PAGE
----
Garden provides another learning opportunity for Lyman agriculture students
By Melanie Savage - Staff Writer
Lebanon - posted Tue., Jun. 18, 2013
Add a large fruit/vegetable garden to the list of new initiatives introduced under the direction of agriculture teacher Geoffrey Picard at Lyman Memorial High School.
Actually, it was Picard and fellow teacher Megan Grogan who applied for a Prides Corner Farms grant that partially funded the new garden. Prides Corner supplied $1,500, and another $9,600 was provided via a grant from the Savings Institute Foundation. Together, the grants went toward the purchase of a new rototiller, a zero-turn lawnmower, fencing, crushed stone, materials for the construction of raised beds, and a new ebb and flow system for irrigation in the school’s greenhouse.
“In April, we got to work,” said Picard.
Grogan got seeds started in the greenhouse. “I had two greenhouse classes that were involved,” she said. Picard got his large equipment class started on site preparation.
“The period two class put in the most effort,” said graduating senior Ajay Gonnelli. “Especially [fellow senior] Karl Rechlin. He knows what he’s doing. He’s a good man.”
Work involved moving tractors and other machinery away from a lot behind the school greenhouse. “This was just dirt right here,” said Gonnelli, indicating the newly-completed garden. Nearly two months of daily work involved leveling the site, bringing in crushed stone, setting fence posts and putting up fencing, building raised beds and installing six pallets of soil donated by Scotts. “It was a lot of work,” said Gonnelli. But the result is a neat, extensive garden hosting squash, cucumbers, herbs, potatoes, blueberries, raspberries, strawberries and a variety of other plants. As of June 17, the garden was already producing harvestable produce.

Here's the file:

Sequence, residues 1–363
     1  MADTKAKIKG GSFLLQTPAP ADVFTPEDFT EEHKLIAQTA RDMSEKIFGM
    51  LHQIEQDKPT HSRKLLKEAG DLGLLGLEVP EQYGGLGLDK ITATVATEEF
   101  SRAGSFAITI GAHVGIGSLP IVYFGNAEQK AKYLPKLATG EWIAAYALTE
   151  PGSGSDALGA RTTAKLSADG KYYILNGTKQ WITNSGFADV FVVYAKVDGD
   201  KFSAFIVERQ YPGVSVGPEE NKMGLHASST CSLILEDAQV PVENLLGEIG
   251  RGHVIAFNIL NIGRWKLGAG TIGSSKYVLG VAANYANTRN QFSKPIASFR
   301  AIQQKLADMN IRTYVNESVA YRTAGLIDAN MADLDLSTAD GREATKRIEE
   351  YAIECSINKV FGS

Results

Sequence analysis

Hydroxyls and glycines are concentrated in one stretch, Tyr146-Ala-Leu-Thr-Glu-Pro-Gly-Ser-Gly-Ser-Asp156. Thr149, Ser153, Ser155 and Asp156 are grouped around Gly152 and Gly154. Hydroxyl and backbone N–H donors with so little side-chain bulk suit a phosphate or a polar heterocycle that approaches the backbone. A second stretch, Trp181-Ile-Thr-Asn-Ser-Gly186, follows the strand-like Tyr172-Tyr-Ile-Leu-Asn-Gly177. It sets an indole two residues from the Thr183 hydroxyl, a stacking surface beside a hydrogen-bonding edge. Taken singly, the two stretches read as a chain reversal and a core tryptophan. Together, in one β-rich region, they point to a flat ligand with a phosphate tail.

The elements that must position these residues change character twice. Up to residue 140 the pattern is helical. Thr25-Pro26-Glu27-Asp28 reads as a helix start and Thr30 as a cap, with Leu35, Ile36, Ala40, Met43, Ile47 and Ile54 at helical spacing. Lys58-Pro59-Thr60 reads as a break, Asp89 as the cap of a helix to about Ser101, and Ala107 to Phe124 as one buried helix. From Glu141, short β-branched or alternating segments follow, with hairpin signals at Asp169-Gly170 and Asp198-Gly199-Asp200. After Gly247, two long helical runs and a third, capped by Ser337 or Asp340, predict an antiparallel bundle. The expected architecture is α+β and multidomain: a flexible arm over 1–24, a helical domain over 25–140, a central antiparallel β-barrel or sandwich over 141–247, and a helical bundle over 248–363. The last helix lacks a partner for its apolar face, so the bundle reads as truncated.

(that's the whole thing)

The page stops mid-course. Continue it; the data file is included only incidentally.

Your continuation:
Student Jake Berentsen picked a ripe strawberry and proclaimed it delicious. Lyman senior Kate Nichols pulled several cucumbers off of the vine. “We’ll bring them inside and weigh them,” said Picard. The students will keep track of the garden’s production this year, including noting the difference between different growing methods. The garden utilizes two different methods for growing strawberries, for example, and two methods for growing cucumbers. “These are our strawberry pyramids,” said Picard, indicating concentric, stacked circles of growing strawberry plants. “We’re also growing hanging strawberries,” said Picard.
“This is kind of a test year for the garden to see how much we grow,” added Picard. The ultimate goal would be to produce enough to establish a presence at the local farmers’ market. “That would be a good opportunity to have the kids learn about marketing skills,” said Picard.
In the meantime, the garden has already provided plenty of opportunities for learning. “I would say it’s been pretty rewarding,” said Gonnelli. “We all worked really hard. It teaches everyone that if we work hard, if we all work together, we can really accomplish something.”